This is precisely what happened in the World Trade Center bombing. In the case of Ramzi Yousef, the perfectly reasonable questions posed above about who this man is and who may sponsor him have never been properly investigated. Instead of the appropriately trained people conducting a comprehensive investigation, the World Trade Center bombing was followed by an undercover operation, in which an informant of dubious provenance led a handful of local Muslims in a new bombing conspiracy, aimed at the United Nations and other New York landmarks. For this conspiracy Sheikh Omar Abdul Rahman and nine others were found guilty in early October 1995. Yet none of those in the trial of Sheikh Omar et al., as it is formally called, was accused of actually participating in the World Trade Center bombing. They were only charged with conspiracy regarding it. The government contended that other followers of Sheikh Omar--four fundamentalists who stood trial in 1994--were actually responsible for putting it into effect.
But what if Ramzi Yousef, who eluded the grasp of U.S. authorities until after his second bombing conspiracy, is neither a follower of Sheikh Omar nor a Muslim fundamentalist? That if he is an Iraqi agent? From a legal perspective--as the judge in that trial advised the defense team--whether state sponsorship played a role in the World Trade Center bombing was irrelevant to the guilt or innocence of Sheikh Omar et al. And indeed, the prosecution did not need to address the question of whether the World Trade Center bombing had state sponsorship in order to obtain the convictions sought against Sheikh Omar and the others.
Indeed, that state sponsorship can be irrelevant to a criminal prosecution was explained most clearly by the federal prosecutors in the New York bombing conspiracies, the lead prosecutor in the trial of Sheikh Omar et al., and the lead prosecutor in last year's Trade Center bombing trial, who will also prosecute Ramzi Yousef. When I put it to them that Iraq was probably behind the Trade Center bombing, they replied, "You may be right, but we don't do state sponsorship. We prosecute individuals." Asked who does "do" state sponsorship, they answered, "Washington." "Who in Washington?" No one seemed to know.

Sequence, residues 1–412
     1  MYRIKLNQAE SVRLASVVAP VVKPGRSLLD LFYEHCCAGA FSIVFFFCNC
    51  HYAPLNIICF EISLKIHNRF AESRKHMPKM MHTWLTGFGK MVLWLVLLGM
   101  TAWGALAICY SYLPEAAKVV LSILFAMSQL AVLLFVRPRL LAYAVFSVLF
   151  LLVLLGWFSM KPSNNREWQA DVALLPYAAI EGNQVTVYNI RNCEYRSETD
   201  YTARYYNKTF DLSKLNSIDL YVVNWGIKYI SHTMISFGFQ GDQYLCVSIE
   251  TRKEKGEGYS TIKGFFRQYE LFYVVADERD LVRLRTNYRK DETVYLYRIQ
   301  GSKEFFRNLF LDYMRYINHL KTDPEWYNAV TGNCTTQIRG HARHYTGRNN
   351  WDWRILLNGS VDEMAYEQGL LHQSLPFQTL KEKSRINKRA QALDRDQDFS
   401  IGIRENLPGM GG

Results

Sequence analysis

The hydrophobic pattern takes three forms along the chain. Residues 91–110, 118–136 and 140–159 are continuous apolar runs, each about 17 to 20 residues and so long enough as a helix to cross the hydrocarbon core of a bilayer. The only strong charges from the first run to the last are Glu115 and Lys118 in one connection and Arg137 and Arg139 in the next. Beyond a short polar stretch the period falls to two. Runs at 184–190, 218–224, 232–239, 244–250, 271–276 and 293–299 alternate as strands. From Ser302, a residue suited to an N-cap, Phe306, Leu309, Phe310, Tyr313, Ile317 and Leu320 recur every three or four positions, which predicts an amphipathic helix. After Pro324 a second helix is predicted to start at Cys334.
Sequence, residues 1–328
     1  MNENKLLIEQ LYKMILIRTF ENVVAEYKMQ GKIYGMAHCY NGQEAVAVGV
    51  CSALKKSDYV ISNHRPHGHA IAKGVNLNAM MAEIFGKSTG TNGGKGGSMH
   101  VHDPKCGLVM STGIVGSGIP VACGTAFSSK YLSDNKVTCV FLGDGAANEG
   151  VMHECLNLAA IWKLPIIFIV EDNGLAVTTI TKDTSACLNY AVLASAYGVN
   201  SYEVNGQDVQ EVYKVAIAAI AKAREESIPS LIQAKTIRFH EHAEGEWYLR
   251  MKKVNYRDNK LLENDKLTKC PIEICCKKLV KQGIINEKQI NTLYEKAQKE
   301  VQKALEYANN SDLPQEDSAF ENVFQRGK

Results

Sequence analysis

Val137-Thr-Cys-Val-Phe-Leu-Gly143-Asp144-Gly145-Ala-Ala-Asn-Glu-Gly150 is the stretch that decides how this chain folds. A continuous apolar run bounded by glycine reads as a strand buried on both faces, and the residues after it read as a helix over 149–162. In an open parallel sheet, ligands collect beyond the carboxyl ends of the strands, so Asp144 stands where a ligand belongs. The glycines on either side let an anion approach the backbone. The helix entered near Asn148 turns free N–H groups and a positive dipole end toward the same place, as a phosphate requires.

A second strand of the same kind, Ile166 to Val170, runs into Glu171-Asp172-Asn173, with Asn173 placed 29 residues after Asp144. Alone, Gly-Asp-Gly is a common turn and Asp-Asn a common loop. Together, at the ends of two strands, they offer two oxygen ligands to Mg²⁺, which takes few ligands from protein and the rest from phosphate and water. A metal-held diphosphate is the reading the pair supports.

Yet by responding to state-sponsored terrorism solely by arresting and trying individual perpetrators, the U.S. government, in effect, invites such states to commit acts of terror in such a way as to leave behind a few relatively minor figures to be arrested, tried, and convicted. Done adroitly, this makes it unlikely that the larger, more important, and more difficult question of state sponsorship will ever be addressed.
The problem is illustrated vividly in the case of Ramzi Yousef since his arrest in February 1995. The Justice Department has passed on very little information to other bureaucracies. The FBI's typical response to any question about Yousef is: "We can't tell you much because of the trial."  As a result, the State Department, which is responsible for determining whether a terrorist act had state sponsorship, lacks the most basic information-- even, for example, a point as simple as what passport Yousef was traveling on when he was arrested in Islamabad.